The 2 reasons why landlords say "no" to housing benefit tenants
Housing benefit tenants have it tough. There’s no denying that across East and West Sussex it’s hard to find a decent property to rent where the landlord would be happy to accept tenants claiming LHA. Why?
Partly, it comes down to inadequate supply in the rental market. Because of the current lack of supply in the rental market, there are far more tenants looking for property than there are properties to rent. The sales market is slow and the mortgage market is still very restrained; this means that many people who would have bought a property, are now renting. The rental market is flooded with tenants looking for quality housing.
Because there are more tenants around than properties available to rent, landlords and letting agents are quite rightly, selecting the tenants in the best position. And given the choice, landlords would rather rent their properties to people in employment.
Why? Isn’t the rent from a tenant on housing benefit pretty much guaranteed?
No. It’s not.
There are two fundamental flaws with the current LHA system and these are the primary reasons that most landlords will say no to housing benefit tenants. One concerns how the LHA is paid and the other concerns how many local councils treat landlords in the event that a tenant needs to be evicted.
1. How LHA is paid
Under the current system, LHA is paid direct to the tenant, the idea being that the tenant then pays the landlord. This was designed to give a higher degree of responsibility to the tenant as they became more involved in their own financial management.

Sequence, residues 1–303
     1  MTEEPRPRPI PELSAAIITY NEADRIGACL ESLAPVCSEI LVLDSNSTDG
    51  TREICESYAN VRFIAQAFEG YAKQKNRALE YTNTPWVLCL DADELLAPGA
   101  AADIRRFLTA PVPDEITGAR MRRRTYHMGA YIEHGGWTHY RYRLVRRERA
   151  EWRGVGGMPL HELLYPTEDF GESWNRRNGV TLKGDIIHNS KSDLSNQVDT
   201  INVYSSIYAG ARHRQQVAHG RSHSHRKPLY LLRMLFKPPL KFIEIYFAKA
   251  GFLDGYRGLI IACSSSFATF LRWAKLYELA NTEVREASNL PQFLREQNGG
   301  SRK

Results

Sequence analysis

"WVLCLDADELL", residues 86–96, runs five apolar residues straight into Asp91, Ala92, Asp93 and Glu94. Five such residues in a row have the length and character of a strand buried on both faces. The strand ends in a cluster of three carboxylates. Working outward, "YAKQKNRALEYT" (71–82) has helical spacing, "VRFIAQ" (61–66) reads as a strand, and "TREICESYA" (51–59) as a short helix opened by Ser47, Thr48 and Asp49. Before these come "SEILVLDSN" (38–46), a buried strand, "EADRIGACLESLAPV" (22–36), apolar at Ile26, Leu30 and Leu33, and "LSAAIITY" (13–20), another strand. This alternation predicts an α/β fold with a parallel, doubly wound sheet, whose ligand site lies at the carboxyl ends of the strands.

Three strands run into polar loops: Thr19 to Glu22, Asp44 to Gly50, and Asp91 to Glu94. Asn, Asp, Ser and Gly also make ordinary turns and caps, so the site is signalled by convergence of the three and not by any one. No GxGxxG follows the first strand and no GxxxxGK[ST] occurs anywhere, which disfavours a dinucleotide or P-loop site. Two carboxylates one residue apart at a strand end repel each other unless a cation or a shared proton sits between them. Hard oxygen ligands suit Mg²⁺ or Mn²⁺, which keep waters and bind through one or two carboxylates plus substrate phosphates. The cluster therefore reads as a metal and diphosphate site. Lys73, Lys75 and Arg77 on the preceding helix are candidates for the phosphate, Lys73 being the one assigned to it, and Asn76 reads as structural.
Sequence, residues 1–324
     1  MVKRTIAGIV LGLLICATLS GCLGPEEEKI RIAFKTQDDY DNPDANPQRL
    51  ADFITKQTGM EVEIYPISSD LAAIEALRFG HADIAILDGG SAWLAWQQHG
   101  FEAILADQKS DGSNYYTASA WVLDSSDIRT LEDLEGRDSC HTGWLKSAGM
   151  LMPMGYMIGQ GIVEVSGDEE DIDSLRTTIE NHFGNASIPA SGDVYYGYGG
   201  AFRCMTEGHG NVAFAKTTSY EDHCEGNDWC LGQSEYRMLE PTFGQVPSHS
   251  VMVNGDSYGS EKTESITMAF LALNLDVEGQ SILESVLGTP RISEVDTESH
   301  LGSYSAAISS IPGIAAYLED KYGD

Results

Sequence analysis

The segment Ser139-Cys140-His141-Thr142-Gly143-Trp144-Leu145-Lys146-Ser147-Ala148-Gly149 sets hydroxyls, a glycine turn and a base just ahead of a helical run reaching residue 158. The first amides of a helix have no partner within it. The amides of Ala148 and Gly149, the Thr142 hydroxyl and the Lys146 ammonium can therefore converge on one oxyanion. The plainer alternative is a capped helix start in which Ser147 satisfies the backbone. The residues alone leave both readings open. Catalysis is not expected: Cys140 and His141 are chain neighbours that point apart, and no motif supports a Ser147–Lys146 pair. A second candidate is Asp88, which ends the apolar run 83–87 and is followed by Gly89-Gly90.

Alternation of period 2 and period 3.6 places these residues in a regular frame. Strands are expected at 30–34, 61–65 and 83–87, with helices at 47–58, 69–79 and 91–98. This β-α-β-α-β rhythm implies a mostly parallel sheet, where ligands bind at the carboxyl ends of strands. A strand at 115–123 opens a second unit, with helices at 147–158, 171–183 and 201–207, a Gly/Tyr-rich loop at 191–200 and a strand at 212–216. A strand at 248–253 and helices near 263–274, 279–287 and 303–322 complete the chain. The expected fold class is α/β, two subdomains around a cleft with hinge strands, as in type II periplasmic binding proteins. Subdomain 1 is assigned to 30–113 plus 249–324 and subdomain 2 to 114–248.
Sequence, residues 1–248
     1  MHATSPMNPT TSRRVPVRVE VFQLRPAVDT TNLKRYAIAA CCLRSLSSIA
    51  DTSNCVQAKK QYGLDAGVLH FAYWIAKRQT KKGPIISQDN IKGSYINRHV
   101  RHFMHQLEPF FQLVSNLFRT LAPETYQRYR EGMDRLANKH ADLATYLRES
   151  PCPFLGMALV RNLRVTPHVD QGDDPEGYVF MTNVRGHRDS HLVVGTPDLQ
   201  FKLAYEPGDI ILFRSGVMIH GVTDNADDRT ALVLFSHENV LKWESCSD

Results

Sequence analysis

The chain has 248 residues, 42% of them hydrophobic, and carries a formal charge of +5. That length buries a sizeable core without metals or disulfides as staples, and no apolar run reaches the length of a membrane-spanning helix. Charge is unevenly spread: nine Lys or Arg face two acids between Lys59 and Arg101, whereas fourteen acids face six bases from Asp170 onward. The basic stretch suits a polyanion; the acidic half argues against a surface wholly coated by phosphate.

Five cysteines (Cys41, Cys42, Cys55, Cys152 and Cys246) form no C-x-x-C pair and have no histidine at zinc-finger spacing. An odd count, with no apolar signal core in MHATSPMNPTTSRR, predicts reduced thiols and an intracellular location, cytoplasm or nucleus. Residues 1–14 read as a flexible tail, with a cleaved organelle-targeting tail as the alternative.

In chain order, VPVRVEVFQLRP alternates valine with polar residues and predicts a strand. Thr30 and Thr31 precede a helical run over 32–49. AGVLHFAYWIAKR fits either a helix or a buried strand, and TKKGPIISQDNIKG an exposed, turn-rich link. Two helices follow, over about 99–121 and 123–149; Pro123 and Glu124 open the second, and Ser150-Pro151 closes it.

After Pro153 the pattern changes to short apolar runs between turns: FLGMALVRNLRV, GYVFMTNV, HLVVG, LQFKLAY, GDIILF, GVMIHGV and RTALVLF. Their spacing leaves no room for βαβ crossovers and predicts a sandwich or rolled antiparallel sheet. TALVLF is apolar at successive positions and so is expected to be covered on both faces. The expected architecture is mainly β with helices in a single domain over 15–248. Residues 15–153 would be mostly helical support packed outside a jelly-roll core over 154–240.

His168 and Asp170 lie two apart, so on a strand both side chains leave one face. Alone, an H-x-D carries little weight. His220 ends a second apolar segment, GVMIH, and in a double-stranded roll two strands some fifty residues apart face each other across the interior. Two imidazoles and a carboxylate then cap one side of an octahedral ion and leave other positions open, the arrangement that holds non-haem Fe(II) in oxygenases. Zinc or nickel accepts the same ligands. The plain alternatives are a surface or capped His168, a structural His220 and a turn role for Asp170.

A laudable aim. But in reality, this system has failed. Many tenants have found they have to ‘dip into’ their LHA funds in order to pay their bills and when the rent becomes due, they don’t have the money to pay.
The landlord then has to wait until the tenant is eight full weeks in rent arrears until the local authority will divert the payments from the tenant to the landlord or letting agent.
2. Evicting a tenant
It is normal practice for notice to be served on a tenant who repeatedly pays their rent late or not at all.
In the event that notice is served on a tenant in receipt of LHA, we have found that our local councils will advise the tenants to “stay put” until a court order for possession is granted. Only then will the council re-house the tenant.
Gaining repossession of a property through the courts is a lengthy and expensive process for landlords. It is unlikely that landlords having to go through this process will want to repeat it.
Demand is high and supply is low in the rental market. Landlords of quality housing currently have a wide choice of tenants available. They are choosing tenants who are paying the rent with their own means rather than tenants claiming housing benefit.
Although the intention is to benefit the tenants, the rules around Local Housing Allowance are actually harming the tenants by leaving them with far less choice than they would have otherwise.
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